I've just returned from Bogota' and their model version of BRT, the Transmilenio, is indeed impressive and efficient. But my experience suggests that true BRT has real limitations. It can be implemented on wide boulevards that already have room for two dedicated BRT lanes in addition to space for regular transit. In Bogota', the streets I was on served by Transmilenio had six lanes of traffic in total. If you don't have a street of sufficient width, you'd need to acquire additional property to expand the street, which would get really expensive. As I rode Transmilenio, I kept thinking a really good subway would serve many of those purposes, and apparently this is still being discussed in Bogota' (as well as an expansion of BRT).


    Posted Tue, Jan 8, 10:58 a.m. Inappropriate

    Subways, like U-Link, cost around $600 million per mile. That is just stupidly expensive, especially in our area.

    Surface light rail, like Central Link down MLK JR Way, requires just as wide a street as BRT with dedicated lanes. However, laying tracks for light rail is far more expensive than just using concrete roads for BRT.


    Posted Tue, Jan 8, 10:55 a.m. Inappropriate

    There is no evidence that passengers are willing to pay the vastly higher fares that would be required to pay for light rail vs RapidRide. Light rail proponents always push for rail because those who use it don't pay for it -- it is massively subsidized with taxes from those who don't use it and don't benefit from it. Central Link is many times more expensive than any of the RapidRide lines, yet the fares are similar.

    You can't judge anything from any study by Sound Transit. They live to build rail. Their comparisions between rail and BRT are completely biased towards rail. They are not objective at all.

    There are other great advantages to BRT over light rail besides great cost savings: BRT can operate express buses which make few or no stops between major destinations, like downtown Seattle and the airport. The 194 Express bus using I-5 between downtown Seattle and SeaTac airport took about 30 minutes between Westlake station and the airport. Central Link takes about 40 minutes and drops you off 1/4 mile from the terminal, while the bus dropped you off right at the curb of the terminal. Light rail does not have any express trains -- every train stops at every single station, wasting time for those going from one end of the line to the other. At the same time, Central Link's route from Westlake to the airport is about 15.7 miles, while the 194 route was more direct, and thus shorter, meaning fewer miles traveled by bus vs light rail, saving energy.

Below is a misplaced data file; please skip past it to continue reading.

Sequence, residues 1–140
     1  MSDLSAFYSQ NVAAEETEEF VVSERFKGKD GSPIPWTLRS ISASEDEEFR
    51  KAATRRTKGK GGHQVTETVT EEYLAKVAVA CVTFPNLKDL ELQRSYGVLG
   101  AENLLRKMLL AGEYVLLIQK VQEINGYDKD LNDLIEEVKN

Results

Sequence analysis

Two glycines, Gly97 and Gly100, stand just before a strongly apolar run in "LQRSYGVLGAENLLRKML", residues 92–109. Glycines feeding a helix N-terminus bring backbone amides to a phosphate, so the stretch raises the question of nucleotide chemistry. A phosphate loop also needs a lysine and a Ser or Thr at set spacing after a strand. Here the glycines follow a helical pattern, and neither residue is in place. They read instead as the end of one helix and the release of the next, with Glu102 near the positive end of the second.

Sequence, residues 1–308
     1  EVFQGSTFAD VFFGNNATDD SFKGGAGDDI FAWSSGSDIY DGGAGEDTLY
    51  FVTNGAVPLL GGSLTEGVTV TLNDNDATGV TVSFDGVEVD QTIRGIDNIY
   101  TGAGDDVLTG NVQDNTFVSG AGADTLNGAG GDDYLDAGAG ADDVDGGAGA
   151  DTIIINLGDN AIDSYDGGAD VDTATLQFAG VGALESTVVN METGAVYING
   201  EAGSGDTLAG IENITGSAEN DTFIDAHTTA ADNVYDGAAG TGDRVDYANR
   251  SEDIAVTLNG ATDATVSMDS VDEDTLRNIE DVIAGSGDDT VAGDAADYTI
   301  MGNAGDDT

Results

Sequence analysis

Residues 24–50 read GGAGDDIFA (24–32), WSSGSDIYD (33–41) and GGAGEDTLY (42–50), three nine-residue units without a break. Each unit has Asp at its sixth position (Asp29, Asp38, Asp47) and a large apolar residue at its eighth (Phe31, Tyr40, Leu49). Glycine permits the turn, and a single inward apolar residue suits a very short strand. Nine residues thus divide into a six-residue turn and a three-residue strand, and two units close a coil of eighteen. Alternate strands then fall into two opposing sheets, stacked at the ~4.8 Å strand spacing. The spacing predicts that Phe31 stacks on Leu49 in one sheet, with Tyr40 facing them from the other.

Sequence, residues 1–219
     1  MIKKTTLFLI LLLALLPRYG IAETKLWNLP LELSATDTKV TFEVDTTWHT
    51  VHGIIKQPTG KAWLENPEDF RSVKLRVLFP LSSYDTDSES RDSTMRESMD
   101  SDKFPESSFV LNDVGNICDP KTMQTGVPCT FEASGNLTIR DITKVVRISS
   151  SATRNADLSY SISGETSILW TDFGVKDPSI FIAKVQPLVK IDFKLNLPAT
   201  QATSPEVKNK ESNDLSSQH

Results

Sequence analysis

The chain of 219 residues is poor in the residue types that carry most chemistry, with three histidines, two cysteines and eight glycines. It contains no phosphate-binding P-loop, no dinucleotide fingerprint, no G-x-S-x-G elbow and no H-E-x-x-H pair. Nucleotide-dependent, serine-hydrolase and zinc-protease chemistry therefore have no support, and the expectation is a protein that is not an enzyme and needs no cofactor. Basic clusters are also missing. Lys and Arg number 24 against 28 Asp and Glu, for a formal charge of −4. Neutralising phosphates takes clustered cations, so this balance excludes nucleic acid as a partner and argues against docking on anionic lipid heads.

Also, for far less money, BRT can operate much shorter headways than light rail. You could run BRT buses along the Central Link route every 2 minutes for a fraction of the cost of building Centrail Link, which operates trains eveery 7.5 minutes. And some of those buses could be "express" buses, which skip a lot of the stopa, saving time for passengers making the fulll trip.


    Posted Thu, Jan 10, 1:33 p.m. Inappropriate

    There is a broad set of data that shows that in a given corridor rail will attract twice as many riders as a bus operating at the same frequency.

    The comparison of Link with Metro's old 194 route is silly. First of all, have you seen the airport drive since they implemented the stupid rental car center? It is congested almost all hours of the day. Second Link serves many many more travel connections than the 194 did. There was no direct service from the Rainier Valley to Seatac at all. Link operating every 10 mins on a reliable schedule is a lot more reliable than the erratic 194 ever was. In the evenings the 194 stopped way too early and was often 10-15 minutes late

    But the biggest problem of BRT: It's almost always used to justify a reduced investment in transit infrastructure. Dedicated right of way is the big expense, whether operated by BRT or light rail. Often BRT is picked to avoid building dedicated right of way - and then the bus is stuck in traffic, which is exactly what RR C & D experience. Our region needs to push ahead in transportation investments which allow for less energy and greenhouse gas-intensive transportation that cannot be immediately congested by SOVs.


    Posted Thu, Jan 10, 9:30 p.m. Inappropriate

    "There is a broad set of data that shows that in a given corridor rail will attract twice as many riders as a bus operating at the same frequency."

    That is just an outright lie, if the buses have the same capacity as the rail. One of the advantages of buses is that they can run with much shorter headways than trains, so you can have buses come along much more frequently, with the same capacity, for a fraction of the cost of trains.